Restless creak

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Jeep's Superbowl commercial:

Patricia Irwin wrote:

Did you see the creaky voice Jeep ad? It's a guy doing the voiceover.  To me it was really striking, though I wonder if it would just sound normal to younger people.

 Tricia mentioned the speaker's gender in reference to last year's discussion of Lake Bell's description of the alleged "Sexy baby vocal virus", which included creaky voice; or the discussion a couple of years earlier about an alleged vocal fry fad among young adult American women.

Here's the first phrase of the Jeep voiceover:

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And a waveform plot of the the word many, illustrating the irregularity of glottal pulses:

Zeroing in on the stressed vowel [ɛ]:

But I'm still not convinced that there's a generational change here, gendered or not. There are physiological, situational, and communicative reasons for people of whatever age to exhibit creaky voice and/or vocal fry. The low-pitched and somewhat hoarse voice-over works in this ad — but creak and fry also work, though in a somewhat different way, in this year's Bob Dylan Chrysler commercial — and even more strongly in Clint Eastwood's  2012 "Halftime in America" commercial:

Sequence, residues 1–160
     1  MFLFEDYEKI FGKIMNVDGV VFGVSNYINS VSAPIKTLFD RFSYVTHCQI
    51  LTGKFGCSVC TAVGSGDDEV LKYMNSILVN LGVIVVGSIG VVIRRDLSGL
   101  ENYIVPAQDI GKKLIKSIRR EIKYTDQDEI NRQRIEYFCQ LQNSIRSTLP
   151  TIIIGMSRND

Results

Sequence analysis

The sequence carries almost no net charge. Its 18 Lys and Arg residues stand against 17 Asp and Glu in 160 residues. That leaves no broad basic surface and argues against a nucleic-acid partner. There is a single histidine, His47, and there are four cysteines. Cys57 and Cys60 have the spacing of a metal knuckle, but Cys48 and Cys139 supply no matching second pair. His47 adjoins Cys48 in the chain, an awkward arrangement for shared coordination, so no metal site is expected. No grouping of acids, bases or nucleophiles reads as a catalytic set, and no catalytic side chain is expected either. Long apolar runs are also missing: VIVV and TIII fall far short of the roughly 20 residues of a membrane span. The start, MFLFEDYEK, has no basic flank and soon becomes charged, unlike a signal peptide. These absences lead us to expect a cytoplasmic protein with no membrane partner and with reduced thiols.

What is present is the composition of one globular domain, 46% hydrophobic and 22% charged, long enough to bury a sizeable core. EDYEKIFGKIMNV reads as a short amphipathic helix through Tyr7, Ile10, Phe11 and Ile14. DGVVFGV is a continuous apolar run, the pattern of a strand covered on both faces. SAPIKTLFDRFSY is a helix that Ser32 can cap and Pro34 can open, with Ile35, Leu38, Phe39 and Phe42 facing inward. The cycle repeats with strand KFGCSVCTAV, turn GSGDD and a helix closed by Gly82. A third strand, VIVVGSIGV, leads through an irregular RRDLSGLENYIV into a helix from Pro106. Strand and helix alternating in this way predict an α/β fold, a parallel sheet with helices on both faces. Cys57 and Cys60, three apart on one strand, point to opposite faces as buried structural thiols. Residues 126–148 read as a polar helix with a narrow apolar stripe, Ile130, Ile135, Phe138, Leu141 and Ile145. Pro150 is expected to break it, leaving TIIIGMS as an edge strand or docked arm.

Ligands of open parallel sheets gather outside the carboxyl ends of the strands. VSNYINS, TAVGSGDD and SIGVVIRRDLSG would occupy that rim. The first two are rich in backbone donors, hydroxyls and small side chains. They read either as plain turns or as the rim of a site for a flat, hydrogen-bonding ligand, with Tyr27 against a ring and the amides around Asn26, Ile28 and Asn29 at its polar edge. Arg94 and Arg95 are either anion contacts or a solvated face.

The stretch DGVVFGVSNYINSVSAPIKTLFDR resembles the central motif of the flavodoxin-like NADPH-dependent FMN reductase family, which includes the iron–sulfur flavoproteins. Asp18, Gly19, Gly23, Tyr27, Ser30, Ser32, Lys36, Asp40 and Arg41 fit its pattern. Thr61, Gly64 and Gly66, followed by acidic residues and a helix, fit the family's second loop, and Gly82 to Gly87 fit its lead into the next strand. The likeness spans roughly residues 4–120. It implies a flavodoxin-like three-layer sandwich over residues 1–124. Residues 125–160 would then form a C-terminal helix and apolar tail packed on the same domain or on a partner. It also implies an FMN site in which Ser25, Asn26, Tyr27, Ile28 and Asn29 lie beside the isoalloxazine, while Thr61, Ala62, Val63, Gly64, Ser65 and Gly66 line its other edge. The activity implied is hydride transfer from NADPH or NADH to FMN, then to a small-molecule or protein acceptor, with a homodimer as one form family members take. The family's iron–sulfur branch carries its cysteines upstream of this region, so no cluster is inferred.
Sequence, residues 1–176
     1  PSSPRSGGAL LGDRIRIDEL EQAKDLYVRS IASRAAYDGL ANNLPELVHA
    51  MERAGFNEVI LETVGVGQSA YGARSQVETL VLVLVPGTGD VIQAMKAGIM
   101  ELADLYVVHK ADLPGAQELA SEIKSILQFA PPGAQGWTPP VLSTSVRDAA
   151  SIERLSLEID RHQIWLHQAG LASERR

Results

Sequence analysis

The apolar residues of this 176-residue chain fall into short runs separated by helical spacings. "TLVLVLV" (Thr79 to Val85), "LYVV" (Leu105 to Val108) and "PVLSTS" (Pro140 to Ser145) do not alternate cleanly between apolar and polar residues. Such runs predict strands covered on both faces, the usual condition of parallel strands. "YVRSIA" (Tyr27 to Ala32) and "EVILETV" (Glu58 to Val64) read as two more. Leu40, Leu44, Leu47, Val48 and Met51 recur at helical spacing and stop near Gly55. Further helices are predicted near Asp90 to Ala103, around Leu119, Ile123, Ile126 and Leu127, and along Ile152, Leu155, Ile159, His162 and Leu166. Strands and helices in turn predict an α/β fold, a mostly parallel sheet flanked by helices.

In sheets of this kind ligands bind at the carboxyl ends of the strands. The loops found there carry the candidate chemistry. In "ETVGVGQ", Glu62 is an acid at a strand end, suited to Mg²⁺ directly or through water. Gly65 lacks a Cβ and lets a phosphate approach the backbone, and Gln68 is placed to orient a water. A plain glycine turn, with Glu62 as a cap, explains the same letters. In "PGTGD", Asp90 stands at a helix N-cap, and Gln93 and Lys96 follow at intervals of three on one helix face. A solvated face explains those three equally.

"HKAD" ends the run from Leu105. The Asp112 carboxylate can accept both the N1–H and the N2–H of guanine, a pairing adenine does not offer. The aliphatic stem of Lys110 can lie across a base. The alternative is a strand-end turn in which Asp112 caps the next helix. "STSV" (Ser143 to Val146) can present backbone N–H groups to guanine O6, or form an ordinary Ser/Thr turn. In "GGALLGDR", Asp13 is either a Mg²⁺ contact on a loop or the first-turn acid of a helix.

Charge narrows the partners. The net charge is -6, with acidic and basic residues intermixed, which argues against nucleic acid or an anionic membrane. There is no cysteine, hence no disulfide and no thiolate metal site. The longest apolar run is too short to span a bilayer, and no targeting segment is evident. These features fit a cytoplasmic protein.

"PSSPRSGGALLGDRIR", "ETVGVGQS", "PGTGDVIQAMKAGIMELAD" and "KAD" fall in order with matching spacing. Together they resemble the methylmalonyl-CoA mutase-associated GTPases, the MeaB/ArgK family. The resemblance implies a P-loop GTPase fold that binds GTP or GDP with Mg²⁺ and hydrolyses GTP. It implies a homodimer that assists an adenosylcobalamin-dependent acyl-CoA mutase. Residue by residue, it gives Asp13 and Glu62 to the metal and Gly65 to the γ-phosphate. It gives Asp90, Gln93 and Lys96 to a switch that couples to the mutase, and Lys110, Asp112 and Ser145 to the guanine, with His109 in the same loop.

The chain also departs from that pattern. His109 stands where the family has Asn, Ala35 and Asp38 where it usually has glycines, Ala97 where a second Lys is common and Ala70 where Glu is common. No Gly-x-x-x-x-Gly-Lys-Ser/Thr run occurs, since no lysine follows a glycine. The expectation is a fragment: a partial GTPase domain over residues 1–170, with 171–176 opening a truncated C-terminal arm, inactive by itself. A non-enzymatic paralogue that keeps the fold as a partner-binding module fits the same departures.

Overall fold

Eastwood's climax:

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The details of low-range pitch and vocal irregularity are different in each case, and the interpretation is somewhat different as well, but I remain to be convinced that "kids today" are deploying these vocal features at a higher rate or in a different way compared to previous generations — or for that matter compared to older people right now.

I could well be wrong about this, but it would take some evidence to convince me.

 

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12 Comments »

  1. Victor Mair said,

    February 3, 2014 @ 9:23 am